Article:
Crash anniversary reminds bicyclists of deadly 'right hook'- Mtbr.com
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  1. #1
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    Crash anniversary reminds bicyclists of deadly 'right hook'

    An occasional reminder of the hazards we face is never a bad idea. From a local news radio's website.

    :http://www.wtop.com/?nid=596&sid=2006702


    Crash anniversary reminds bicyclists of deadly 'right hook'
    July 20, 2010 - 8:58am

    WASHINGTON - The right hook. In boxing, it's a winning punch. On area roadways, it's a killer.

    Two years ago, Alice Swanson, 22, was killed by a right hook. Her mom, Ruth Rowan, has studied the facts of crash over and over again.

    "She was riding in the bicycle lane," Rowan says. "She had a green light. She had a helmet, and she was killed."

    Swanson was in the bike lane on R Street in downtown D.C. There was a trash truck to her left. The light turned green. Swanson's intention was to go straight. The truck took a right turn onto 20th Street.

    It was a classic example of what cycling advocates call a "right hook."

    The driver said he didn't see her and was never charged. Swanson's mother Ruth Rowan still can't accept that.

    "If someone is in my blind spot, and I pull into their lane and hit them, it's my fault," she says.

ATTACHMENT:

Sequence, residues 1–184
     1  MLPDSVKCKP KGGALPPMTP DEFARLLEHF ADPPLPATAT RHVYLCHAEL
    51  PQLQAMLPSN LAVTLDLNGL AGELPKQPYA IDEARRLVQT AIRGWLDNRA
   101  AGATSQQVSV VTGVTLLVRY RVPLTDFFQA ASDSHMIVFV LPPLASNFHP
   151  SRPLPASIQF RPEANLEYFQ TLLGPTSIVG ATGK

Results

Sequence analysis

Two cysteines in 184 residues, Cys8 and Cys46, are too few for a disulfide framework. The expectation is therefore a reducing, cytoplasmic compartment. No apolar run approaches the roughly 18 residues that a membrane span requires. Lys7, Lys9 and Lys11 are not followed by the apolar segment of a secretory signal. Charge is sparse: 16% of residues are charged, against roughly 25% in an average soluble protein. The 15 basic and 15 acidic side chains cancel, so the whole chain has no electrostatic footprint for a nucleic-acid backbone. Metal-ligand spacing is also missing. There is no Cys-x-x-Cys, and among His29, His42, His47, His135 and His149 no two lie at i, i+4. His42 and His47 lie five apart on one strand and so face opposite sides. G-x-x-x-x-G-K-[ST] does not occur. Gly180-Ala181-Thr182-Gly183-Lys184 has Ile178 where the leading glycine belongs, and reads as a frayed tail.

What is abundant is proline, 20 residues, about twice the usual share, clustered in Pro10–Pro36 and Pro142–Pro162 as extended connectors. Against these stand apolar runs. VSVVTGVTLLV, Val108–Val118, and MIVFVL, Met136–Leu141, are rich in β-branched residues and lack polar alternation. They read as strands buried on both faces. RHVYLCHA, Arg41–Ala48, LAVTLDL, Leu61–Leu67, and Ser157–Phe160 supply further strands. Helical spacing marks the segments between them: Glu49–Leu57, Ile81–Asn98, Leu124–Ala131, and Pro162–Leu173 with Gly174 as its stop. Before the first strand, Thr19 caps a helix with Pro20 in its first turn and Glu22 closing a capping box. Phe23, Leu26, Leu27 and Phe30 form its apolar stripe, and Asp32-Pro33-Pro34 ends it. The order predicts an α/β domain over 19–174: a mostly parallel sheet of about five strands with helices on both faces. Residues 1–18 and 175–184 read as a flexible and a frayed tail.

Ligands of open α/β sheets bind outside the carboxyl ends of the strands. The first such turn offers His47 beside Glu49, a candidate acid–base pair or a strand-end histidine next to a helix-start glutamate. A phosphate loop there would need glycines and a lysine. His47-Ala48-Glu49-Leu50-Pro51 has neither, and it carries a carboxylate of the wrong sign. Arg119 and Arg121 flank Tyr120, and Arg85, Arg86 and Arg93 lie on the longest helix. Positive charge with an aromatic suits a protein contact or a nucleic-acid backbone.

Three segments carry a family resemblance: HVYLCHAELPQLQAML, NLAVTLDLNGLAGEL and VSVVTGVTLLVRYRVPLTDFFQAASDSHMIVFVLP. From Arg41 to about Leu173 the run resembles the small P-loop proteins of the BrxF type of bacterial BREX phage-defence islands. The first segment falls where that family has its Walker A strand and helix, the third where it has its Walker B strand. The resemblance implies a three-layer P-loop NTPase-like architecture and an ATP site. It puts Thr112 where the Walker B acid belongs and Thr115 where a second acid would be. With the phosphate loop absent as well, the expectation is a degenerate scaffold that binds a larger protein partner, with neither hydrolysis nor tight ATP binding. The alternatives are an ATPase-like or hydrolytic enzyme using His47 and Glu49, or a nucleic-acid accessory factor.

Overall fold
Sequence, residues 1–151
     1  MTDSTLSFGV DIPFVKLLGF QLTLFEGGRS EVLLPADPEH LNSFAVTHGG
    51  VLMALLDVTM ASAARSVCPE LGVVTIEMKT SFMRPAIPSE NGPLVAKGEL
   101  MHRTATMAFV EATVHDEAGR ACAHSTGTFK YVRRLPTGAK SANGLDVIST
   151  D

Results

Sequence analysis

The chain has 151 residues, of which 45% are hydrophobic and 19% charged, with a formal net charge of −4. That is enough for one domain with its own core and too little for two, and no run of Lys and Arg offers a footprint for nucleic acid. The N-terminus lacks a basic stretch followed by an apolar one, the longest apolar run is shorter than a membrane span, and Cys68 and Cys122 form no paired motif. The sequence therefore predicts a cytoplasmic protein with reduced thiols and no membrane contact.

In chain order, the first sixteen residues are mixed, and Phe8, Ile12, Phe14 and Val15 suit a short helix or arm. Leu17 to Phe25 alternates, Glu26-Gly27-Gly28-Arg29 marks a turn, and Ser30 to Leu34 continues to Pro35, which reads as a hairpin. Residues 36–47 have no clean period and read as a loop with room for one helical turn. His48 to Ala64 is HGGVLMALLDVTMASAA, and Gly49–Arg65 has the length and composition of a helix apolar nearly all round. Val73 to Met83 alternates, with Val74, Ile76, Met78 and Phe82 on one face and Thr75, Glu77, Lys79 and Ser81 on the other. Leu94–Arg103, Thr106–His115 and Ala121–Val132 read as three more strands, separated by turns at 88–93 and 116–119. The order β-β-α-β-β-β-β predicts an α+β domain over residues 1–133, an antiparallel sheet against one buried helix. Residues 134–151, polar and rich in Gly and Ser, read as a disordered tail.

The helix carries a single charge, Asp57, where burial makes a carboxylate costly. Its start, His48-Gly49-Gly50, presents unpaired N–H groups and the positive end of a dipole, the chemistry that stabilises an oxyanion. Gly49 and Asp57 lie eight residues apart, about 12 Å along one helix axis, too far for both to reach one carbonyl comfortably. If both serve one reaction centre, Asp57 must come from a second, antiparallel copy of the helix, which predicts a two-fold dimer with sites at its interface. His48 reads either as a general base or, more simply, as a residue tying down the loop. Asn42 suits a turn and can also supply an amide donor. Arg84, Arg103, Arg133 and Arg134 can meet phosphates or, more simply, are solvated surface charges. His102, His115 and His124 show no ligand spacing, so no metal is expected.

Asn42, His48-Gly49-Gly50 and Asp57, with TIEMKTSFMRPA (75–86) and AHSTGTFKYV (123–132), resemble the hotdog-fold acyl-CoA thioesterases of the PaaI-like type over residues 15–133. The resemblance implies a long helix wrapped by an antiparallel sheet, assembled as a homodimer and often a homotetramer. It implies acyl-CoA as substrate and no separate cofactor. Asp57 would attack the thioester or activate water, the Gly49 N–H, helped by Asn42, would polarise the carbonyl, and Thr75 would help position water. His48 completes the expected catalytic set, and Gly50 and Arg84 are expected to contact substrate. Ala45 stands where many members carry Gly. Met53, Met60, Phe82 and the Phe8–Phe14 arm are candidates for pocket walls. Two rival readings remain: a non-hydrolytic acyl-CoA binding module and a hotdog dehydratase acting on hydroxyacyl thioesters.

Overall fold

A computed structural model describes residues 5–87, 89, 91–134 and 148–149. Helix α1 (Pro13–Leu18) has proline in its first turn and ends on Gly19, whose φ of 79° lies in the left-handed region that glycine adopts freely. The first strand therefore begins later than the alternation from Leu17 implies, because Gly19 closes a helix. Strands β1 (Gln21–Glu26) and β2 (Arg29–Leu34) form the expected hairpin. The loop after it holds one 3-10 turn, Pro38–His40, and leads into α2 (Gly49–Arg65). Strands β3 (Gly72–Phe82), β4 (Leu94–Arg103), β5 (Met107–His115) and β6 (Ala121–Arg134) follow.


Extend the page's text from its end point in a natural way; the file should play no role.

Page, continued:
Rowan insists that her daughter was not at fault in the crash that killed her, but the Metropolitan police investigation concluded Swanson was the one who actually struck the trash truck on the passenger's side door.

    Eyewitness accounts say Swanson was hit by the front-right side of the trash truck and pulled under the right front tire. Rowan says three experts in the civil trial, which was settled in January, agreed that Swanson was hit by the truck, not the other way around.

    The case does provoke the question: As a driver, how do you handle it when a cyclist is in a bike lane to your right and they want to go straight while you need to make the right turn?

    Drivers are repeatedly told to stay out of the bike lanes. Cyclists often complain of cars parked in the bike lane, forcing them to maneuver around the parked cars.

    Shane Farthing, executive director of the Washington Area Bicyclists Association, says this is the one time when a car should take the bike lane.